Albert Einstein 370.
(photo credit: Courtesy )
On August 2, 1939, Albert Einstein signed a letter to US President Franklin D.
Roosevelt urging him to create an atomic research program. Einstein’s support
was crucial in the president’s ultimate decision to invest in a large-scale
atomic project in 1941 – ultimately named the Manhattan Project – altering the
course of diplomatic discourse and warfare forever.
Once an ardent pacifist,
Einstein had opposed the creation of such weapons, but he could not watch the
Nazis gain sole possession of such a mightily destructive power.
Thus, in the
summer of 1939, six months after the discovery of uranium fission,
Hungarian-born American physicist and inventor Leo Szilard and his fellow
physicist Eugene Wigner visited Einstein’s holiday cabin in Peconic, on the
northern tip of Long Island, New York, to implore him to write to the Belgian
queen mother to prevent the large stockpile of uranium ore in the Belgian Congo
from falling into Nazi hands.
Instead, with the encouragement of
economist and unofficial-adviser to the president Alexander Sachs, they decided
to write directly to the American Roosevelt, hoping his ear would be of more use
than that of the Belgian queen mother. The letter recommended two approaches:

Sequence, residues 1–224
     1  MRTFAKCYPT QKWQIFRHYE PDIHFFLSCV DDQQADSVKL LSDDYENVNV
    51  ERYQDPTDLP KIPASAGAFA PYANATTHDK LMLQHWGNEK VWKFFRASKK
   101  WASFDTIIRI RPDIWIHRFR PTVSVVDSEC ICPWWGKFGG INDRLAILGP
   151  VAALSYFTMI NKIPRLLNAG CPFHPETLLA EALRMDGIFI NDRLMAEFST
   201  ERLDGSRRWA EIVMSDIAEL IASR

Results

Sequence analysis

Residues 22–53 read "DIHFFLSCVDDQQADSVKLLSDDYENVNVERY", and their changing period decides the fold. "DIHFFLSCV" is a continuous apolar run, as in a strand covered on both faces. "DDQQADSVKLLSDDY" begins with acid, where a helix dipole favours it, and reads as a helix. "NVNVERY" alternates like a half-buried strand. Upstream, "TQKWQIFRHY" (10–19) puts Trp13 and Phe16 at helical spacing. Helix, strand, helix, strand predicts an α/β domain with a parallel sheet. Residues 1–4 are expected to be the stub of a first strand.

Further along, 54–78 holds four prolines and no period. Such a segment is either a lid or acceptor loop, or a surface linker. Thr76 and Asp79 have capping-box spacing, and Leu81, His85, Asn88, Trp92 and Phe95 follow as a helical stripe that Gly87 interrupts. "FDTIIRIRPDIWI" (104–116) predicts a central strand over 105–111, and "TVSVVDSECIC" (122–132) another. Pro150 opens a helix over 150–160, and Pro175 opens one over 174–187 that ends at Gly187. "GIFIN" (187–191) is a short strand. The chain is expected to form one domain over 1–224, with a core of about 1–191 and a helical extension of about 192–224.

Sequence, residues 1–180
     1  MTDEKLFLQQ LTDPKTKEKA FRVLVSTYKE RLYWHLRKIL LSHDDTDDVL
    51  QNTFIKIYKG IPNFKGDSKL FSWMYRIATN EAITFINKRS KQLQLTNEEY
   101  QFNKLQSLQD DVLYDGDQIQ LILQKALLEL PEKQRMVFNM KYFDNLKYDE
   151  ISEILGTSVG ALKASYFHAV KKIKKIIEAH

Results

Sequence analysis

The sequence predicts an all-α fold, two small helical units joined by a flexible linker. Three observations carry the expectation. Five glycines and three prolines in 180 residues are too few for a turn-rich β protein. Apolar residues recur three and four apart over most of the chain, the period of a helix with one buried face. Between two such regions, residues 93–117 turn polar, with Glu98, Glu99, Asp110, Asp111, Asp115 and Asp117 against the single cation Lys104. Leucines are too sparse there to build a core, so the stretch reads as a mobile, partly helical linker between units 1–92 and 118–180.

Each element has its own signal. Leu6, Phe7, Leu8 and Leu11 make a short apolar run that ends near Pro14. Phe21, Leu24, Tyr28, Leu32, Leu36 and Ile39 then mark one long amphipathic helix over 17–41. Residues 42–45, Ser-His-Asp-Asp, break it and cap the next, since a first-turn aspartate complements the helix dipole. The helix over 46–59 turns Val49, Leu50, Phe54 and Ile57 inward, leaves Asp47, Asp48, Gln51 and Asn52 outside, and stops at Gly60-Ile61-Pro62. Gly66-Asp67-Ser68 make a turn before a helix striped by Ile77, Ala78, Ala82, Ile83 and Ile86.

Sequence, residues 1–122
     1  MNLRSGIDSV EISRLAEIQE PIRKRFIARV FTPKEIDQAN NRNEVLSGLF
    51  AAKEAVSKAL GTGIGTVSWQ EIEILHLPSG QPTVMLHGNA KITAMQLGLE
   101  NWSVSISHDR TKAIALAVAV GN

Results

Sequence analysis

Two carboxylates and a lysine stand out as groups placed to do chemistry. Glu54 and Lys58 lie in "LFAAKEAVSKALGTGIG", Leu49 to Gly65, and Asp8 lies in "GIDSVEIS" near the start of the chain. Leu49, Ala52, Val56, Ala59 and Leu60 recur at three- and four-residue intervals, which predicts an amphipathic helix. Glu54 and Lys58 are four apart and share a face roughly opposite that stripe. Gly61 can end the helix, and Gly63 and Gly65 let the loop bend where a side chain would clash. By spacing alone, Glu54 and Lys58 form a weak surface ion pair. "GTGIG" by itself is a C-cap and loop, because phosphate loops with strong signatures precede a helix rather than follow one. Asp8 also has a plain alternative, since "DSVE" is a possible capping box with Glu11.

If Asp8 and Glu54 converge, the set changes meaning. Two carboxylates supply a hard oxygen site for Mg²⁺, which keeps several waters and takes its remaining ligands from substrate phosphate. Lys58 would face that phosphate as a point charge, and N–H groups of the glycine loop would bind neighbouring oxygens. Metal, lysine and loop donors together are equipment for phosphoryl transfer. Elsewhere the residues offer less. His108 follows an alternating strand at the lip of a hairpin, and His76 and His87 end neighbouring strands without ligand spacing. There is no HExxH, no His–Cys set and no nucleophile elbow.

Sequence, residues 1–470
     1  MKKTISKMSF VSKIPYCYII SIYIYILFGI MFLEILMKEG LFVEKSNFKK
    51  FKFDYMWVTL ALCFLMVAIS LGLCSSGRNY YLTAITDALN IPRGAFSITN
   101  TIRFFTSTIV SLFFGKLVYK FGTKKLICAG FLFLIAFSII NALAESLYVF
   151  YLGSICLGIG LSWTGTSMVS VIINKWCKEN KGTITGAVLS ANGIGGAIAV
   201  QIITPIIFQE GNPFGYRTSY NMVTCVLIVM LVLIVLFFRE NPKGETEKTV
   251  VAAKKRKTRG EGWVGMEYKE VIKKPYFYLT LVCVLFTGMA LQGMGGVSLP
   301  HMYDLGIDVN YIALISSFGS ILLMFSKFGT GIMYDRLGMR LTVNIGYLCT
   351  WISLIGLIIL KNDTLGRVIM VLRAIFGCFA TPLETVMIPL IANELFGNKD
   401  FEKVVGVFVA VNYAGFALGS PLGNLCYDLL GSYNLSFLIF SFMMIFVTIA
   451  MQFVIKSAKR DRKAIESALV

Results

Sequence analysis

first, for government departments to put forward recommendations for government
action, “giving particular attention to the problem of securing a supply of
uranium ore for the United States,” and second, to “speed up experimental work”
without the confines of university laboratory funds.
Warning Roosevelt of the
consequences of an atomic bomb, which had been dismissed as unrealistic by much
of the American physicist community, the letter dictated: “This new phenomenon
would lead to the construction of bombs, and it is conceivable – though much
less certain – that an extremely powerful bombs of a new type may thus be
constructed.” Relaying that Germany had already forbidden the sale of
Czechoslovakian uranium ore, the letter prophesized, “a single bomb of this
type…might very well destroy the whole port together with some of the
Responding four months later, the president wrote:
I want to thank you for your recent letter and the most
interesting and important enclosure. I found this data of such import that I
have convened a Board consisting of the head of the Bureau of Standards and a
chosen representative of the Army and Navy to thoroughly investigate the
possibilities of your suggestion regarding the element of uranium.
I am glad to
say that Dr. Sachs will cooperate and work with this Committee and I feel this
is the most practical and effective method of dealing with the subject.
accept my sincere thanks."
Einstein took full responsibility for the consequences
of his letter. He was quoted as saying that if he had known the fear of
Nazi Germany acquiring the bomb was not justified, he would not have
participated in “opening this Pandora’s box”, for just six short years later,
the American B-29 bomber would release the first atomic bomb to be used in
warfare in Hiroshima, Japan, causing 66,000 instantaneous deaths. Three days
later, a second bomb was to be detonated on Nagasaki, annihilating nearly half
the population of the town.
In 1954, the last year of Einstein’s life, he
admitted to an old friend, "I made one great mistake in my life—when I signed
the letter to President Roosevelt recommending that atom bombs be made; but
there was some justification—the danger that the Germans would make them."